I’m Not Good at Selling Myself

An area where applicants often fall down is failing to sell yourself in the job application. One of the most frequent things I have heard in 20 years of giving people feedback on selection criteria responses is the statement

I’m not good at selling myself.

To be blunt, you need to learn how to. Selection criteria is competitive so to get select you need to pitch yourself as someone who the selection panel want to employ.

In the “Formatting a Selection Criteria Response” blog I discuss that in relation to making your written application visually appealing and drawing parallels with well-designed websites:

Websites need good design for functionality and conversion, not just screen appeal. Your written document has aspects of conversion to it too; you’re trying to get the reader to buy you. If the reader is faced with a wall of text, no spacing and no margins they are going to have the same initial reaction as you would if you came across a poorly designed website; roughly speaking ugh

It’s not just your written work that sells you ……………..

You’re Applying for a job; not a salesperson

I’m not suggesting everyone needs to learn to be the worlds highest selling salesperson. Nor am I suggesting you should approach a job application/selection criteria and interview as if you are the best person with the most skills that’s ever lived and brag about how awesome you are.

Be the best

You do need to be able to position yourself as someone who is skilled, confident and can explain why they are the best person for the job. As a job applicant, that is your task. To say why you are the best person for the job.  Emphasis on best. You are not throwing your hat in the ring as one of many people who could do the job; because coming second or third or being on the order of merit as ‘suitable’ does not get you the job. You need to show how you are the best person because the best person is the one who gets the job.

With that in mind, how do you sell yourself in a job application, other than making sure your application is not visually repulsive?

Confidence not Modesty or Boasting

To discuss these concepts, I want to get some definitions on the table.

Boast – to speak too proudly or happily about what you have done or what you own.

Modesty – the quality of not talking about or not trying to make people notice your abilities and achievements.

Confidence – the quality of being certain of your abilities or of having trust in people, plans, or the future.

Boasting

BoastingI’ll deal with boasting first because it’s quick.

You don’t want to be boastful. Don’t overstate your claims and claim you have done more than you have. Also don’t be so enthusiastic that people find your behaviour and how you present yourself as offensive.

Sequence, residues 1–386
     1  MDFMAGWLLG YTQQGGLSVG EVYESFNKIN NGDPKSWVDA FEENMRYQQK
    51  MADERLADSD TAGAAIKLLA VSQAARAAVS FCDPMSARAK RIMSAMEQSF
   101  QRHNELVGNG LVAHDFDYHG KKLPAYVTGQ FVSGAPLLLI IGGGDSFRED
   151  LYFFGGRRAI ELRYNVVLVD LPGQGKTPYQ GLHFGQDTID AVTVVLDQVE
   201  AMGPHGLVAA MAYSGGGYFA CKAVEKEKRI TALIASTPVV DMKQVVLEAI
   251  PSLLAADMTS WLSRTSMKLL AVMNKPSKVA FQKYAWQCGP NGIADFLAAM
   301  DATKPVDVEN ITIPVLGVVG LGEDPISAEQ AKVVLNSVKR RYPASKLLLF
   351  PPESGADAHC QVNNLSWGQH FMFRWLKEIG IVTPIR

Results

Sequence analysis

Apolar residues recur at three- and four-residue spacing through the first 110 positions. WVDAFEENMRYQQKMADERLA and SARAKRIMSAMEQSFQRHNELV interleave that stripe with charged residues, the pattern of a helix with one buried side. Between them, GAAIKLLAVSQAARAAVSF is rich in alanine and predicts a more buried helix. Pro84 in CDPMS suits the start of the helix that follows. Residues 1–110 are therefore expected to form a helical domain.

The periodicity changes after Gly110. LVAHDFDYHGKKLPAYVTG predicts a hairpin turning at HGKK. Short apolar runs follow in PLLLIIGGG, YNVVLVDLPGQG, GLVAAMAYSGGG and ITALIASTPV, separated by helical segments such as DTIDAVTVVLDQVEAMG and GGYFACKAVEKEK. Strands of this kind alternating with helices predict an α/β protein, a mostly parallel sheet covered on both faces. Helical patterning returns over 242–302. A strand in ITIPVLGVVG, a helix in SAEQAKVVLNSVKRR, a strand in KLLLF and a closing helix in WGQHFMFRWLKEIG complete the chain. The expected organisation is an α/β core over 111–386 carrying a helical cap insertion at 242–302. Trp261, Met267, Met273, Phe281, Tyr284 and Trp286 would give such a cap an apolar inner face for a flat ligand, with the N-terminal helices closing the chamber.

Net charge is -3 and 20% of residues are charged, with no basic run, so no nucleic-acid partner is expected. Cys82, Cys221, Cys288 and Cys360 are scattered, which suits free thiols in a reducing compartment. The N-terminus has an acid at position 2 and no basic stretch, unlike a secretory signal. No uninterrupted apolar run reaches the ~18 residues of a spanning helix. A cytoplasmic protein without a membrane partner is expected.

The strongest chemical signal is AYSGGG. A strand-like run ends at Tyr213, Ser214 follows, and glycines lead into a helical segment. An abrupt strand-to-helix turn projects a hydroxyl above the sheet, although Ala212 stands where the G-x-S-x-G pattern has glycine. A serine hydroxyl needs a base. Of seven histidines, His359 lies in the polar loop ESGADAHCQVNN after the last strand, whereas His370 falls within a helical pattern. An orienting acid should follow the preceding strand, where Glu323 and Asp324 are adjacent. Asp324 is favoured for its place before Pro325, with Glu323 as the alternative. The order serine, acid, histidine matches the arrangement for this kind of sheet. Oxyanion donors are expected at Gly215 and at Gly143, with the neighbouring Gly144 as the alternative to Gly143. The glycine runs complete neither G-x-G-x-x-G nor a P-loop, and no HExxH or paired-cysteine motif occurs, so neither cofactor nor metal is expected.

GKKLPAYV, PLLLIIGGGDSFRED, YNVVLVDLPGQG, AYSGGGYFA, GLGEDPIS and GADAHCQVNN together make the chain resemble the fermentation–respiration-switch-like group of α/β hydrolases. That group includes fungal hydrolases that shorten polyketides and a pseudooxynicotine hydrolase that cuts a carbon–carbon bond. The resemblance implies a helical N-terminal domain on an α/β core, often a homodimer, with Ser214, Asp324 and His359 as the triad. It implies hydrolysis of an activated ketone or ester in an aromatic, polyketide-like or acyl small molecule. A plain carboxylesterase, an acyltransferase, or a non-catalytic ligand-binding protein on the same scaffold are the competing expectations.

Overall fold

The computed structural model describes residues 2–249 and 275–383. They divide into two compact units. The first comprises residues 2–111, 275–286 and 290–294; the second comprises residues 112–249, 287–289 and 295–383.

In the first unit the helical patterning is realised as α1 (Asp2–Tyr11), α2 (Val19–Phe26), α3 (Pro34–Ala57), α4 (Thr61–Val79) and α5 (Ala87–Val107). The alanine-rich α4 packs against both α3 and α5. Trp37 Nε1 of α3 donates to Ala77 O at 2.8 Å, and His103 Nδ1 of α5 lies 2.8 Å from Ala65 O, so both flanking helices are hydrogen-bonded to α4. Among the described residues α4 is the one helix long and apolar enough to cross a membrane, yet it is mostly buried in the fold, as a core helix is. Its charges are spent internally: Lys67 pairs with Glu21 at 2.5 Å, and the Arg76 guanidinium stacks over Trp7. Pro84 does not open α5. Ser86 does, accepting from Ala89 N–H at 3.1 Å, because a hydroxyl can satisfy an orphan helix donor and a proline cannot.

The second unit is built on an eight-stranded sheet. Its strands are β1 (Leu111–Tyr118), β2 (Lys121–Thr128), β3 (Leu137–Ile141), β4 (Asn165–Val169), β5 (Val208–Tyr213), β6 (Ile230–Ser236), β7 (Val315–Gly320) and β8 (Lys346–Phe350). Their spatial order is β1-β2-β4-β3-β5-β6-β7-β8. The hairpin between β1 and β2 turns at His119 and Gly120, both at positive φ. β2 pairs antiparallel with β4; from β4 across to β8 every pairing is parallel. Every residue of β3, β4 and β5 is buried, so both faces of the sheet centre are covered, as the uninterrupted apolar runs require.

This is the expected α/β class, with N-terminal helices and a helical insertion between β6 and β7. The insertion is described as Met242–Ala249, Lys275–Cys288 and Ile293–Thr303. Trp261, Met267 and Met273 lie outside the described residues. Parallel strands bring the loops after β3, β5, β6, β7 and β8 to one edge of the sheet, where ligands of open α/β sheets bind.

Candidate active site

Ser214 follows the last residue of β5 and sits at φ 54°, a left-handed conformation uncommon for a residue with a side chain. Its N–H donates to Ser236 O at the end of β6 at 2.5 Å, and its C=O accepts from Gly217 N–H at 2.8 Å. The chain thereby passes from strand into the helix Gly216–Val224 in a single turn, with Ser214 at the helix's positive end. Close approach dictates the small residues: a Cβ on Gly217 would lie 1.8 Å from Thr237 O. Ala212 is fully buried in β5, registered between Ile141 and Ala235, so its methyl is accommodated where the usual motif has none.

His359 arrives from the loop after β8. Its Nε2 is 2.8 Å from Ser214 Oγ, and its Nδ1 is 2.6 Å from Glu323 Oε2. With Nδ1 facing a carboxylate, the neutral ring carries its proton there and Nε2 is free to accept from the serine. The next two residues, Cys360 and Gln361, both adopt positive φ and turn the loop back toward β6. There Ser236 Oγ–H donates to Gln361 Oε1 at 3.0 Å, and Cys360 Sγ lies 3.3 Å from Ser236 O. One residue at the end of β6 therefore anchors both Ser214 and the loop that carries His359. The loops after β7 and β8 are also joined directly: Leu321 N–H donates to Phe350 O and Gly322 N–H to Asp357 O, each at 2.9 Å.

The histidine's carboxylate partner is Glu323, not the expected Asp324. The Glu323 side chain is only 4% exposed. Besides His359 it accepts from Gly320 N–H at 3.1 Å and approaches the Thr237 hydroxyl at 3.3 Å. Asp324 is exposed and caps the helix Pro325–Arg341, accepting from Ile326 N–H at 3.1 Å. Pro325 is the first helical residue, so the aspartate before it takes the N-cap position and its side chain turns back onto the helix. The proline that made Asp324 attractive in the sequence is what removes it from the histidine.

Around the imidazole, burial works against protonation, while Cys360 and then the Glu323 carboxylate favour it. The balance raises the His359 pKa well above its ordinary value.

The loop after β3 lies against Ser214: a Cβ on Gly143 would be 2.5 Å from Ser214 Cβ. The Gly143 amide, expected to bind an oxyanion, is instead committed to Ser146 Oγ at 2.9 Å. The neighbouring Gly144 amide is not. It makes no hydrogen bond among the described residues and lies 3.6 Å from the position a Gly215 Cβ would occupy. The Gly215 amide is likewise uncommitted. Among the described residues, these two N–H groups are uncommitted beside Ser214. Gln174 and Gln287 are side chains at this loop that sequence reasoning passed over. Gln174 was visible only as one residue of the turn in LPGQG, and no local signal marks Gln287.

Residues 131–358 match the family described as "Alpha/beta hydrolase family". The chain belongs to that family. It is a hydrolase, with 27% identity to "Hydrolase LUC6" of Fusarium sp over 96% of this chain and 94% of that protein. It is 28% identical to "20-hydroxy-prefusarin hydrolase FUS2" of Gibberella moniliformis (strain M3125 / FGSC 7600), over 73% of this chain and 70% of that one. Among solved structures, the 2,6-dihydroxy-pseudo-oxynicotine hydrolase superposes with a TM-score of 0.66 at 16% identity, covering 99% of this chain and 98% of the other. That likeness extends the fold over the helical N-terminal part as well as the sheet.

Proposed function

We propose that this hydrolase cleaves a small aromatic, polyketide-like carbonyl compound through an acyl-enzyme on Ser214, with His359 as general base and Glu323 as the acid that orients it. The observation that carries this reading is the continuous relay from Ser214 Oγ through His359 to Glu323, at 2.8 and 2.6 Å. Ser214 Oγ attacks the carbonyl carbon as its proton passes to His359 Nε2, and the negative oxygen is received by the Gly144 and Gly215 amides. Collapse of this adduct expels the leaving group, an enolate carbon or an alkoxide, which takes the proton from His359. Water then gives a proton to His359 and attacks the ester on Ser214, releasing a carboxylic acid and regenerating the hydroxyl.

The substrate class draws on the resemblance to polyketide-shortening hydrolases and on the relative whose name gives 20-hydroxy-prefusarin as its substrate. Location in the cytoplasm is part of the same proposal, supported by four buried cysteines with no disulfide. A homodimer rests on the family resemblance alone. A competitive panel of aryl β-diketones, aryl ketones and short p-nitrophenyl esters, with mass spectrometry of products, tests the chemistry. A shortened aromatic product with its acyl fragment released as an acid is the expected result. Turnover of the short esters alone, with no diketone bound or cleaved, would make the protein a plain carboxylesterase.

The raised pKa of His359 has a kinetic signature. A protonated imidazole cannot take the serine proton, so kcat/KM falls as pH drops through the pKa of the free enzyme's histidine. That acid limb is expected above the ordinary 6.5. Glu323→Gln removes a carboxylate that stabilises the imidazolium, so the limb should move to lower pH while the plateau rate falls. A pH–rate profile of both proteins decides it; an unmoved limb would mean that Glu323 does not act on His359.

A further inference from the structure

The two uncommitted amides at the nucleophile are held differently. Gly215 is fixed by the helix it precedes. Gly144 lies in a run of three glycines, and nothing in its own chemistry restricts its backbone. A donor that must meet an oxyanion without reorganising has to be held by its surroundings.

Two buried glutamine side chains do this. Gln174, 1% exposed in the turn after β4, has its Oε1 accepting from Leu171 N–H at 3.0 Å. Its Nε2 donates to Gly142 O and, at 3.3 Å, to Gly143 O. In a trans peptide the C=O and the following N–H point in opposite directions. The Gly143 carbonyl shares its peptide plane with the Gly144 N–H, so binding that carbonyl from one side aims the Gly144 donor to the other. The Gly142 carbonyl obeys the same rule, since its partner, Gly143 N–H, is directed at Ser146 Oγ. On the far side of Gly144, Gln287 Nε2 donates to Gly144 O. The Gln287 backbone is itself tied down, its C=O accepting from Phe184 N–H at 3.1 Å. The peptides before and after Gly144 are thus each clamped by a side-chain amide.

You don’t want to approach a job with an attitude of “I’m so good, why haven’t you employed me already?”

Modesty

You may be reading this and thinking “Why isn’t modesty ok?  It’s good to be modest?” I would argue not so much.

Looking at the definition it includes “the quality of not talking about or not trying to make people notice your abilities and achievements” which is exactly what you don’t want to do in a job interview!

A modest person is a wallflowerA wallflower is someone with an introverted personality type who will attend parties and social gatherings, but will usually distance themselves from the crowd and actively avoid being in the limelight“.

ShameWhat about humble I hear you ask? Humble is kind of like modest but it’s not being too proud or boasting so is that ok?  Well no, because humble is “not proud or not believing that you are important“. You never want to undersell yourself, distance yourself from your achievements and/or not acknowledge things you have done.

The Panel

FailurePut yourself in the selection panel’s position. You have a person in front of you who is mentioning an achievement like delivering a big project on time, under budget and with a massive change in scope or a conflict with a delivery partner. You say to them something like “Well done, that’s a great achievement you must be really proud?” and they reply saying “Not really, it wasn’t that much”.

What’s your response?  Remember you’re looking for someone to deliver results for your organisation and team. Are you feeling confident they can go forward and deliver results for you, or, are you wondering how they delivered what they did, or perhaps even if they delivered what they claimed at all?

Words Words Words

These aren’t just words, it’s important to understanding what they mean and how it looks when you’re applying/interviewing, and, what you need to do to present yourself in the best light and most competitive.

Confident

SuccessSpeaking of presenting yourself in the best possible light, confidence. You could also say assertiveSomeone who is assertive behaves confidently and is not frightened to say what they want or believe“.

Put Yourself in the Panel’s Shoes

Confident WomenAlways bear in mind you don’t want the panel having any doubts about you, what you say or how they feel you can deliver in the role. You don’t want them trying to decide why you said one thing verbally but your body language or attitude or underselling contradicted what you said.

To get jobs you need to be able to sell yourself in a job application and in the interview. It is a skill that comes with practice. Before you begin practicing though, make sure you are practicing the right skills.